In September, activists from Environmental Justice Ōtepoti blockaded a New Zealand fertiliser plant on the outskirts of the city of Dunedin.
They were protesting against the use of ‘blood phosphate’ from Western Sahara by Ravensdown, a farmers’ fertiliser co-operative.
Western Sahara has been illegally occupied by Morocco since 1975. As the phosphate is extracted by a Moroccan state company, OCP, without the consent of the Sahrawi people, it cannot be legally traded.
Protesters from ‘Ravensdown Take Em Down Otautahi’ had greeted the arrival of the Sahrawi phosphate (50,000 tonnes of it) on
1 September on the Amoy Dream at the Port of Lyttelton in Christchurch.
On 5 September, about 20 activists from Environmental Justice Ōtepoti blocked the road out of the Ravensdown fertiliser plant for around an hour, holding a banner saying ‘Free Western Sahara’ across the road.
No European country is currently importing Sahrawi phosphate, but European companies are involved in its transportation (details of UK shipping companies taking part are in PN 2630–2631).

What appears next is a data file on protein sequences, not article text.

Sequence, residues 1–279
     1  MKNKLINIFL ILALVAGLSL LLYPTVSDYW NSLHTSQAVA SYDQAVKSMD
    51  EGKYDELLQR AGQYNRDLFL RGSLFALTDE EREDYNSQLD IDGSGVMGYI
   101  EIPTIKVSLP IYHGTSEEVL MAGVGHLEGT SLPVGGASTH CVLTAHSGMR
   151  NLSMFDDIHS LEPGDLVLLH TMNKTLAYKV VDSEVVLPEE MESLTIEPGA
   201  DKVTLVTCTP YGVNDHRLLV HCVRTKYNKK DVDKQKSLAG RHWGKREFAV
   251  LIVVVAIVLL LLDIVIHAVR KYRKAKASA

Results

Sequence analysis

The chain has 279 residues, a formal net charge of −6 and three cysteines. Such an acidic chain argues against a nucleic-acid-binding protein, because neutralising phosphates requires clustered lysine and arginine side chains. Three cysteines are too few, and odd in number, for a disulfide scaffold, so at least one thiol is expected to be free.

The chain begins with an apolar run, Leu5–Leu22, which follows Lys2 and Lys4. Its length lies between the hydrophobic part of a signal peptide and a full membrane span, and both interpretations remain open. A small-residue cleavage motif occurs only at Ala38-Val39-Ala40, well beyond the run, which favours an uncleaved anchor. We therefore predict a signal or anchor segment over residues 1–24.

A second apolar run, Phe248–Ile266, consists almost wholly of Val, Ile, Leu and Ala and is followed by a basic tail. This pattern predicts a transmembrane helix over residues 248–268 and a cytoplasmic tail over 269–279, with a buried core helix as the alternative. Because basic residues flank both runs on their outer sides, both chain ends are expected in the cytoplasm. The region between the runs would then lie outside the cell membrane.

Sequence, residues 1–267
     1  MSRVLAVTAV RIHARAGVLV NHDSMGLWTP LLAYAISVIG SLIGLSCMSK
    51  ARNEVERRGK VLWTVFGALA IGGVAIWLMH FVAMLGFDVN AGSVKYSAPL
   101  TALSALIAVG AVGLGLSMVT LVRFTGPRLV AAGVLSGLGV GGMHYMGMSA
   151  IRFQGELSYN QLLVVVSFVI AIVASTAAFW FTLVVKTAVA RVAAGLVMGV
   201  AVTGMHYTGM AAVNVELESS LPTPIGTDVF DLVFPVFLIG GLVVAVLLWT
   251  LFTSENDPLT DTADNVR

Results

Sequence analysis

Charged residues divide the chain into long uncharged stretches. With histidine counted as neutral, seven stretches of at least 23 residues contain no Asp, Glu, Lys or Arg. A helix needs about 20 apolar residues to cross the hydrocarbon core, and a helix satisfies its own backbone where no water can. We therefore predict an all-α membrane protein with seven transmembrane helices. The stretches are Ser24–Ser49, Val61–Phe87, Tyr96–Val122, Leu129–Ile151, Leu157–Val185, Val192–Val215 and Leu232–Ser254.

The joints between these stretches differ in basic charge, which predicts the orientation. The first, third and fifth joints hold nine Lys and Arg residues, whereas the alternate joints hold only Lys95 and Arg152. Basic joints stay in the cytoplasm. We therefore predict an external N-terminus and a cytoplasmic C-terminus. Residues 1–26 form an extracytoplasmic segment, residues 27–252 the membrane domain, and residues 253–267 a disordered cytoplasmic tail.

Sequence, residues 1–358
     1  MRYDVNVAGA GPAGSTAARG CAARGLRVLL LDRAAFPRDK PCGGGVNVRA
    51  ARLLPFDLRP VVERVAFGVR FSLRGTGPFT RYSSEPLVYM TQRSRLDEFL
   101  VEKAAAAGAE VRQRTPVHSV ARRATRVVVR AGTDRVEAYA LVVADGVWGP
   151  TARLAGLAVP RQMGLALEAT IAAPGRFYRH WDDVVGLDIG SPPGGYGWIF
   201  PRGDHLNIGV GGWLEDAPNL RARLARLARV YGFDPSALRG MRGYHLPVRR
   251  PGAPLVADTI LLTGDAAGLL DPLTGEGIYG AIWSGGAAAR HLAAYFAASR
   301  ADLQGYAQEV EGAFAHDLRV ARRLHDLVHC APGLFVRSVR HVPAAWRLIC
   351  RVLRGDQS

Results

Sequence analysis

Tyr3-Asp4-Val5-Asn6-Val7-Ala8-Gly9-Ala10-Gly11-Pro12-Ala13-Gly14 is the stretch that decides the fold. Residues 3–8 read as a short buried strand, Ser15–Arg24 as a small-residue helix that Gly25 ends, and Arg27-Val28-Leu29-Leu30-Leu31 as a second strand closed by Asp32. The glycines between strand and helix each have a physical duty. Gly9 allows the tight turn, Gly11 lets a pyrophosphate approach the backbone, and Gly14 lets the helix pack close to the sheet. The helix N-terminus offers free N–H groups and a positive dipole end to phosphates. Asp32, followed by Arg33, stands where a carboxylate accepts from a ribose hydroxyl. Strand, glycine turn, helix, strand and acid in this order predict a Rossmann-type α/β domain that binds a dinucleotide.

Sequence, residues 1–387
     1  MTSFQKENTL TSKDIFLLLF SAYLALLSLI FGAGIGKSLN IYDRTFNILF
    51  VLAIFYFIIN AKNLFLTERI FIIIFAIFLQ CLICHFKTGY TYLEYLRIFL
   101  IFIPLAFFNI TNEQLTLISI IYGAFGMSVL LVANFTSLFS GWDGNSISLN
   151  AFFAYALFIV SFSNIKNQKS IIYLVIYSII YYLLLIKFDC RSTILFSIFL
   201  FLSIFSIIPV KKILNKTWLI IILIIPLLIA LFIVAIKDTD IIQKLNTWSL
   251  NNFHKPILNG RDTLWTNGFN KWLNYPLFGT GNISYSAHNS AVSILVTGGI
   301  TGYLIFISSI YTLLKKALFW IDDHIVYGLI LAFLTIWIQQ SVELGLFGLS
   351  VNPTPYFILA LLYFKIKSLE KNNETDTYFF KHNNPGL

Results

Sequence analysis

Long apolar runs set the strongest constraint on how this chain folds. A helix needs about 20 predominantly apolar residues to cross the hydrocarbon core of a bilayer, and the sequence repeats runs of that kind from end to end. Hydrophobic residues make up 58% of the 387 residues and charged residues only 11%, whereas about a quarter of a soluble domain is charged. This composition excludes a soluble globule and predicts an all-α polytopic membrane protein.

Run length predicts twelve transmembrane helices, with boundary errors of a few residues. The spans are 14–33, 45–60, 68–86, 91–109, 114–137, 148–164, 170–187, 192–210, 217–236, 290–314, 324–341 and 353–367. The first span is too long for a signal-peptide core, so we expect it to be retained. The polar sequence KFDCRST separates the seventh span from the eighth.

The European Union signed a fisheries agreement with Morocco in March that allows EU boats to fish in the rich Sahrawi waters. This was despite a ruling by the EU court of justice in February 2018 that no fisheries agreement with Morocco could legally include Sahrawi waters.
On 27 July, the Western Sahara Campaign (which brought the fisheries agreement case) published a human rights briefing.
This included the case of Nazha Al Khalidi, a Sahrawi journalist who was arrested last December for live-streaming a demonstration in the Sahrawi capital, Laayoune. Her video showed police beating peaceful protesters.
The demonstration was in support of new talks in Geneva between the Sahrawi liberation movement, the Polisario Front, and Morocco.
Nazha was chased, beaten and arrested and her mobile phone was confiscated.
She was then put on trial for practising journalism without a journalism degree, and she faced up to two years in prison.
Five Spanish lawyers and two Norwegian observers were prevented from attending her trial.
On 8 July, the court drew back from imposing a prison sentence and instead fined Nazha 4,000 dirhams (about £340).
Western Sahara Campaign commented: ‘Nazha’s case is illustrative of Morocco’s systematic repression of press and refusal of entry to international observers and journalists in order to quell coverage of their occupation.’